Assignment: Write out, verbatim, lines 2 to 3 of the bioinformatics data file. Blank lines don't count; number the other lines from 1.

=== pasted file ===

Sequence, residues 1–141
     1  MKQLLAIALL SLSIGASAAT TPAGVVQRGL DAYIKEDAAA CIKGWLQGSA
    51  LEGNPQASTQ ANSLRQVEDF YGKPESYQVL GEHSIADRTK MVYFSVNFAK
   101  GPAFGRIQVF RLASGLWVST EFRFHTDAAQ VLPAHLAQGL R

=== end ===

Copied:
     1  MKQLLAIALL SLSIGASAAT TPAGVVQRGL DAYIKEDAAA CIKGWLQGSA
    51  LEGNPQASTQ ANSLRQVEDF YGKPESYQVL GEHSIADRTK MVYFSVNFAK